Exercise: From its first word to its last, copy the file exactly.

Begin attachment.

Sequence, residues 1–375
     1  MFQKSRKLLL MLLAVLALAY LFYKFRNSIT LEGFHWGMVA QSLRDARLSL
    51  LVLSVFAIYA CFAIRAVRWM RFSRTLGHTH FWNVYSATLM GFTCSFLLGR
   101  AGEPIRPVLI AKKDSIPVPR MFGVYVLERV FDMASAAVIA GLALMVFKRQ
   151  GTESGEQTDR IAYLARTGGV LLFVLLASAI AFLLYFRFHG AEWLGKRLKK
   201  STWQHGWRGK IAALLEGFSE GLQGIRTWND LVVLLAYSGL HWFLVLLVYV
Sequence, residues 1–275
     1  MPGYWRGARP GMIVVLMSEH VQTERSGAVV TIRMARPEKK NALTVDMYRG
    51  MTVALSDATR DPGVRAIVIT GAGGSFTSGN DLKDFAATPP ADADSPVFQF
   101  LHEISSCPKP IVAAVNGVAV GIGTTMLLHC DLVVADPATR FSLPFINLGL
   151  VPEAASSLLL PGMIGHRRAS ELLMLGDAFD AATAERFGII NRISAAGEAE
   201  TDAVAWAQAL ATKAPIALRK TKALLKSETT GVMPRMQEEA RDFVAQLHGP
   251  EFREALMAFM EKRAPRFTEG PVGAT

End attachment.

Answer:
Sequence, residues 1–375
     1  MFQKSRKLLL MLLAVLALAY LFYKFRNSIT LEGFHWGMVA QSLRDARLSL
    51  LVLSVFAIYA CFAIRAVRWM RFSRTLGHTH FWNVYSATLM GFTCSFLLGR
   101  AGEPIRPVLI AKKDSIPVPR MFGVYVLERV FDMASAAVIA GLALMVFKRQ
   151  GTESGEQTDR IAYLARTGGV LLFVLLASAI AFLLYFRFHG AEWLGKRLKK
   201  STWQHGWRGK IAALLEGFSE GLQGIRTWND LVVLLAYSGL HWFLVLLVYV
Sequence, residues 1–275
     1  MPGYWRGARP GMIVVLMSEH VQTERSGAVV TIRMARPEKK NALTVDMYRG
    51  MTVALSDATR DPGVRAIVIT GAGGSFTSGN DLKDFAATPP ADADSPVFQF
   101  LHEISSCPKP IVAAVNGVAV GIGTTMLLHC DLVVADPATR FSLPFINLGL
   151  VPEAASSLLL PGMIGHRRAS ELLMLGDAFD AATAERFGII NRISAAGEAE
   201  TDAVAWAQAL ATKAPIALRK TKALLKSETT GVMPRMQEEA RDFVAQLHGP
   251  EFREALMAFM EKRAPRFTEG PVGAT